I am the abbot of an abbey of out-of-control monks. How they ever
monks is a mystery that only the Almighty can solve. Yet they are in my charge, and I, though sometimes only nominally in charge, I accountable for their foibles.
There's Larry, the sports enthusiast who knows next to nothing about sports. He loves watching the sames, but can't tell a red line from a blue line or a squeeze play from a screen play.
There's Nebbish, the scientist. Not quite smart enough for Scientific American, but loves look at pictures of stars and planets. He can name all of 15 constellations! He knows we are star stuff! But talk of quantum fluctuations, multiverses and hydrocarbon links leaves him cold. And gasping for air.
There's Carlos, the lover, who loves all the women of the world and knows they love him back. Carlos has spent the last few decades rattling his chains in his dungeon. Letting him out for air is a terrifying prospect for the Abey's good name.
There's Aloysius, the moralist, deacon and preacher. He is prolix and unbending and had his run early on. But the reality of guilt-by-association with his brother monks has tempered his once towering outbursts of pious indignation.
There's Lucky, the calculator and Aloysius's prime foil and sometimes ally. Lucky is cold and does the math about which friends are worthy of the Abbey's largesse. When he and Aloysius work together, they become a team of calculating moralists. When hey are at odds, it's usually Brother Aloysius who will guide Lucky to the high road where walk the unpopular and the dangerous-to-know.
There's Bill, the lush and layabout, who likes nothing more than to while away hour after buzzy hour imbibing the visual products of others. Brother Bill thinks the Internet is the greatest invention since the cathode ray tube.
There's Fingers, who delights in skimming little bits of time. Arriving for morning prayer at 6:05, it's Fingers idea to report that he was there at 6:00. He's the one who -- only in an emergency, mind you! -- will illicitly engage the scriptorium to copy a few pages of psalms when he's late for choir practice.
There's Brother Pugnacious, always ready for a scrap or a sharp word or a
, as longs as it cuts just a little. Watch yourself when he and Aloysius are on speaking terms.
There's Preener, who loves to be lead voice in the choir and head jokester at the refectory table. It's a rare retreat in which Brother Preener doesn't drop a pithy insight for the delight of the other retreatants. And himself.
In the background, there are other monks. Brother Socrates, who thinks deeply about most anything. Brother Cecil, who sings tolerably well and writes the odd chant. Brother Pius, plying his beads in the chapel day and night. Brother Corey, who tends to keep to himself, but when roused, weeps tears of pity and loss. And Brother Manuel, who is not too bright when thinking up projects, but keeps the abbey in good order when a visiting Abbess gives him a list of chores.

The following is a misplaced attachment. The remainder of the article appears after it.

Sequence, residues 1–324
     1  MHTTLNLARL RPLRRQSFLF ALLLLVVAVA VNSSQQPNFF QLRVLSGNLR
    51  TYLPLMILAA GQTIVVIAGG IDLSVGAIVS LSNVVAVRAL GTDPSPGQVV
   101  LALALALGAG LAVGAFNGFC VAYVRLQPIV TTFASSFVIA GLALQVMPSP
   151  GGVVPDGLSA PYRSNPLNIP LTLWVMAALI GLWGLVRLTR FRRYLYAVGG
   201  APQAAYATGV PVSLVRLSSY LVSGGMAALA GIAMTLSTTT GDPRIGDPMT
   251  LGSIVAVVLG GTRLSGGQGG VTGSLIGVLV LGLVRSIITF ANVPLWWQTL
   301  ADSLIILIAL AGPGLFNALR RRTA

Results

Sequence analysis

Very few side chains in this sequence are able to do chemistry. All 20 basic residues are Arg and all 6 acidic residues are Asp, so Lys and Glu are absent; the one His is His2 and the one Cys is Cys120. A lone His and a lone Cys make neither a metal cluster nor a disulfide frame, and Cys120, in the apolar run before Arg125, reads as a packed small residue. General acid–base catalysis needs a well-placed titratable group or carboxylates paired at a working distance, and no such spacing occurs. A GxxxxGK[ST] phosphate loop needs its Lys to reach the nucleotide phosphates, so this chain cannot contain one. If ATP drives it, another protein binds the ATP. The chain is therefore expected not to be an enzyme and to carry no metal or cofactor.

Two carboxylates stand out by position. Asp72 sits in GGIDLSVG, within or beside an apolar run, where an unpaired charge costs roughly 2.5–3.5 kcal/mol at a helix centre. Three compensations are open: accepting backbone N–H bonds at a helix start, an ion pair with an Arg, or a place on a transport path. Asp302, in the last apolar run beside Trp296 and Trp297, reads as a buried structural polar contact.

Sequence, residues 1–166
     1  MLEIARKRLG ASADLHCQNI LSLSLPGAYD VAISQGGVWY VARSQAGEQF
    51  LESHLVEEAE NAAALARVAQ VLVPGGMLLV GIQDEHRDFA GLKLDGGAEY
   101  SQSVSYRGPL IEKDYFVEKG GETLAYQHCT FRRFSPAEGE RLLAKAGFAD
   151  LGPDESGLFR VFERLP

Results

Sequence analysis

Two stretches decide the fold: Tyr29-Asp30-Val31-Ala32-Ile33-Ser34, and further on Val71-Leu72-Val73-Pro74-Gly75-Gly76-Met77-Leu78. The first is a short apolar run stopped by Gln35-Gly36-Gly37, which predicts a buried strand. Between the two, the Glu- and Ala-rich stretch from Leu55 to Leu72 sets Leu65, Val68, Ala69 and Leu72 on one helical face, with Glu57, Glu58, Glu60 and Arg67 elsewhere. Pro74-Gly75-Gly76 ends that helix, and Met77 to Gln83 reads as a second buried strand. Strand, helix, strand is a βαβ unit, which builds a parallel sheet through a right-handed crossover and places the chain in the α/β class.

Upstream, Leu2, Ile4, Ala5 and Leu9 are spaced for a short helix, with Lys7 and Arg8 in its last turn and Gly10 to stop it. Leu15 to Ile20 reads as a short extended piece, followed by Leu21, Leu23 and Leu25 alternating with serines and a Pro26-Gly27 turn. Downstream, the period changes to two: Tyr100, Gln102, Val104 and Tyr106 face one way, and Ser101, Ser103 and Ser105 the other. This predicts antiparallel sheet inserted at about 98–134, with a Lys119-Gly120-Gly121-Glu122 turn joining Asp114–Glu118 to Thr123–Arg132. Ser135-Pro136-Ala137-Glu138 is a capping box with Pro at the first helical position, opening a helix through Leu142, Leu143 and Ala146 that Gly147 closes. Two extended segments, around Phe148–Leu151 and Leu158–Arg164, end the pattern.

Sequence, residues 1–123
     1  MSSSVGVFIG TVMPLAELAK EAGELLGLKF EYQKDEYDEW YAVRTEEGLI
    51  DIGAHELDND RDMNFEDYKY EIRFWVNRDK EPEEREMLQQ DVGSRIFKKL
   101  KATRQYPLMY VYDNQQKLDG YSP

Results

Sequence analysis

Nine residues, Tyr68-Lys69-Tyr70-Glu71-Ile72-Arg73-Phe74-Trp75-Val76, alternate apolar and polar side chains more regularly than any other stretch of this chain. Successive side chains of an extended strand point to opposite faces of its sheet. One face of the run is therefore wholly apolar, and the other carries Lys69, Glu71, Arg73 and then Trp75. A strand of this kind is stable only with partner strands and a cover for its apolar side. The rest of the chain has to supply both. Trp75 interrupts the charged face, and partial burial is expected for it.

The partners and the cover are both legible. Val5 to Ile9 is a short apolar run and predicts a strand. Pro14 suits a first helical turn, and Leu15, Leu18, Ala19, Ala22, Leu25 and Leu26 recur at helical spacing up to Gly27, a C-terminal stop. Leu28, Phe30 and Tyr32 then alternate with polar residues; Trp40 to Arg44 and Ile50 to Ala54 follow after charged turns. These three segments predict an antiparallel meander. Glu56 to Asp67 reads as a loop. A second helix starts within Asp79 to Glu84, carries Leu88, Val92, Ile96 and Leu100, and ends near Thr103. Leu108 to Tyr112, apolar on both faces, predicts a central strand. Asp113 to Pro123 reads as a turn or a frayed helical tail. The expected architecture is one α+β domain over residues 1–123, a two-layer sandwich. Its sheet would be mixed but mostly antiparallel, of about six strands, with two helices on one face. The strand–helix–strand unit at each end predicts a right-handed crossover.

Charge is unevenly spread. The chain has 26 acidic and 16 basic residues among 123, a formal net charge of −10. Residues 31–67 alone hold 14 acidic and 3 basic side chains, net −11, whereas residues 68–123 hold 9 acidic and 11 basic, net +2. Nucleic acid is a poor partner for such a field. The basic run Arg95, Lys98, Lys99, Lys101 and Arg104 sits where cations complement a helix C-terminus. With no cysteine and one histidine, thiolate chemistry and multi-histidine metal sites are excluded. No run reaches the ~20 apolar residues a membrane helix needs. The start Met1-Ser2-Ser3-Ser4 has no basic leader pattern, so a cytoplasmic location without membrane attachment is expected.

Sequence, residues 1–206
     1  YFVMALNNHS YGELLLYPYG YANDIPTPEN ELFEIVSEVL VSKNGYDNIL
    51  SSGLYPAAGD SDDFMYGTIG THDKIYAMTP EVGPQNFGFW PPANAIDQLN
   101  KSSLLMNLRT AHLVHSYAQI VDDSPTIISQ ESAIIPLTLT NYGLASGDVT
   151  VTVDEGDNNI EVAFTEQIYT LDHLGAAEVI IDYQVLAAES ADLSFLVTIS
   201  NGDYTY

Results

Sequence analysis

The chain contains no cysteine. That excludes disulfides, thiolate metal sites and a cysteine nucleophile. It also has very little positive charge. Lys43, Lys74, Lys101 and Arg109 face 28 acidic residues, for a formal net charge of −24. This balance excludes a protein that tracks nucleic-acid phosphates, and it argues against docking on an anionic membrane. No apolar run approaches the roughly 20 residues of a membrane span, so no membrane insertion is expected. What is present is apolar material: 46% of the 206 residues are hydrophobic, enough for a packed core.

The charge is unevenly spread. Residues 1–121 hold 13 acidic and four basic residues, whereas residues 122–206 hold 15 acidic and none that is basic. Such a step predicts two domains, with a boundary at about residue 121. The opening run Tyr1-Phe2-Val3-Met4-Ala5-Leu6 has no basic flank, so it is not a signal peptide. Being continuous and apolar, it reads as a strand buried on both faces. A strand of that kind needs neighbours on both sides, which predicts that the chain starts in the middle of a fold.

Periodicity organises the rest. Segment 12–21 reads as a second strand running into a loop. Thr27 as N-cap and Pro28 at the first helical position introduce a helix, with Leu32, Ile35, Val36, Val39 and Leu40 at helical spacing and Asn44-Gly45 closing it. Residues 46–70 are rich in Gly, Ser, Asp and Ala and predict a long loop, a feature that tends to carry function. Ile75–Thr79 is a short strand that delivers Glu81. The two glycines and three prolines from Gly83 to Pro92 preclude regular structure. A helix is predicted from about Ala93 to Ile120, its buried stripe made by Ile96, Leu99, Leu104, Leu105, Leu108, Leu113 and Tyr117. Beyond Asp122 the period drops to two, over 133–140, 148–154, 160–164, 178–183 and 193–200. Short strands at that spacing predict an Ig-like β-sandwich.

My Abbey. Over time, I, the Abbott, have allowed my various brother monks to have more or less influence over my decisions. Carlos had his run, much to the chagrin of the Abbess, who was newly installed. But Aloysius keeps him in line. Aloysius has tended toward silence lately. He is moral enough to know that his luster, such as it is, has been dulled by association with the flock of dullards and sinners with which he shares bread.
Over the years, the more voluble of the monks -- Preener, Aloysius, Carlos, Pugnacious -- have toned down their presence at the Abbey. Though their murmuring still echo through the abbey halls, they have grown old, tired and mostly silent. In some cases, like that of Brother Pugnacious, they have undergone conversions of heart. The calculations of Brother Lucky -- who turns his arithmetical skills inward as well as outwards -- have persuade some of our monks that their talents can bring disrepute to the Abbey and rarity of invitations to the Abbot's table. They are not entirely fools, my monks, and all have some measure of loyalty to their place of residence.
And the Abbot? He grows old, too. And some say wiser. But he is the one who keeps the secret history of the Abbey -- from its founding through the recruiting of the monks who have taken residence here, through tumultuous periods of infighting when the more ebullient brothers took their turns at the Abbott's table. Today, my table is frequented more by the quieter monks of the early years; those who were elbowed out of the way during the wild, strange period. And a few monks, locked into their cells in the very early days, were released from their bondage. Cecil was one, whose sweet pluckings and chants went unheard for many years. And Brother Solomon, who sentenced himself to internal exile, unable to endure the taunts and jeers of monks from other abbeys.
Yet these are all my brothers. I call upon them all of the for counsel from time to time. And may the Creator and Father of us all guide me to choose wisely among them.